Jan 18, 2021

Private education and students' life-time value: how the pandemic helps educational institutions rethink their business

The Coronavirus pandemic has caused massive changes in many industries and government services all around the world in 2020, but not many areas have been as keenly observed as that of education. Amid school closures and reopenings, a move to remote learning and a general environment of anxiety, stress and fear in many families, commentators have feared that children, especially younger ones, have suffered an academic decline that will be hard to recover from.

 While remote education and government schools have garnered much of the attention, the smaller private (or independent) education sector has also been undergoing some large changes. Amid a pandemic-related economic downturn, some smaller private schools have been forced to close due to the inability of some parents to pay school fees. Other private schools stayed on-campus amid a government sector shutdown and were rewarded with increasing enrolments. There has also been a general consensus that private institutions have been able to respond to online learning requirements more easily simply due to greater resources.

In light of everything that has occurred in the education sphere in 2020, there are more questions than ever that are being asked about what students need in 2021, and how to make sure teaching gives students the ability to thrive in a rapidly changing modern society. With a private education focus, we will be looking at current discussions around what modern learning should encompass, and what aspects of education schools will be paying attention to in the upcoming year.

What should education look like in the 21st century?

Surprisingly, this has become an increasingly complex question since the turn of the millenium. Schools have always been about ensuring a generation of children will be able to function in and contribute to society. However, a consensus about what is essential has become more contentious and often political. 

“Back to basics” — In the last 15 years, native English speaking countries have been either stagnating or declining in the rankings of large international tests such as PISA (which tests reading, mathematics and science literacy). As Asian countries have been climbing these rankings, many have said that we should be following their example and spending more time focusing on the “core” subjects. This has translated into policy, as Australia’s federal education minister has signalled a “back to basics” approach, whereby students spend more class time solely focused on reading, writing and mathematics.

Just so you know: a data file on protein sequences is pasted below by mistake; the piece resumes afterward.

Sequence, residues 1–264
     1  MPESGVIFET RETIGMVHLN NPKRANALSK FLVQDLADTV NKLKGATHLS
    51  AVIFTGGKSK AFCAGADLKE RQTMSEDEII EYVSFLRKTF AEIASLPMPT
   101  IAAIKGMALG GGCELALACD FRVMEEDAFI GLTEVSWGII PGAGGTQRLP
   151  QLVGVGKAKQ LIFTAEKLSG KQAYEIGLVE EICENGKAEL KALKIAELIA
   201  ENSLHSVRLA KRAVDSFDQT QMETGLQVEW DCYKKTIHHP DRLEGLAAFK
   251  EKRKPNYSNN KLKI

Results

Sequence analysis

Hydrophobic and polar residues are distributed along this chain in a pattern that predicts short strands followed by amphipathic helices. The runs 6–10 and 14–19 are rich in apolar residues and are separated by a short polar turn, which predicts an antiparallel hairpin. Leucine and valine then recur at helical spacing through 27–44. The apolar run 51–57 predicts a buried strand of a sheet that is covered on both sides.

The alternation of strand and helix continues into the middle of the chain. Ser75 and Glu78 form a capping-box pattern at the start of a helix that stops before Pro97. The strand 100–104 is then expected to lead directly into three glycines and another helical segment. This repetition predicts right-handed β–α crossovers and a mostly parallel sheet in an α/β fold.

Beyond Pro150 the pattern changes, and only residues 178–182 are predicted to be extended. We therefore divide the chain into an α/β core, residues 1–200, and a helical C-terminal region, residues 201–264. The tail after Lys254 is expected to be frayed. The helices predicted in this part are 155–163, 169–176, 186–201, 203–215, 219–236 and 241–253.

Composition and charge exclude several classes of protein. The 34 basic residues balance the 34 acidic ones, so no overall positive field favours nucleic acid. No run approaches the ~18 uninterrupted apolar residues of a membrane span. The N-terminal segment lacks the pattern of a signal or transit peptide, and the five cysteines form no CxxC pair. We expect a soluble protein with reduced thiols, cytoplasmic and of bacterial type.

While there have been some supporters of this move, detractors have said that basing educational policy around tests that assess narrow criteria will not result in school time being used effectively. This preoccupation with achieving better results has been criticized by teaching unions, who say it results in “teaching to the test”, which puts teachers under undue pressure and leads to only superficial understanding for students. There may be more important things such as critical thinking and emotional intelligence, that can’t be readily measured in a testing situation.

Greater social emphasis — As stated above, most people see education as a way to prepare children to be productive and active members of society, and this is done by fostering an atmosphere of respect and responsibility. While many of the lessons were (and still are) implicit, such as don’t steal, share with others and respect other people’s boundaries, there are now expectations that schools deal with wider ranging topics. What these topics are, and how much class time is spent on them, is often heavily politicized and becoming increasingly difficult to navigate.

  • New Zealand recently introduced climate change into their national curriculum. Discussions about whether eating less meat would help the planet drew consternation from the nation’s farmers and conservatives. 
  • With the ‘nuclear family’ on the decline, many schools have started to teach their students about the different types of families that there can be. Lessons challenging homophobia and acknowledging “non-traditional” relationships were cancelled in Birmingham, England, after protests by Muslim parents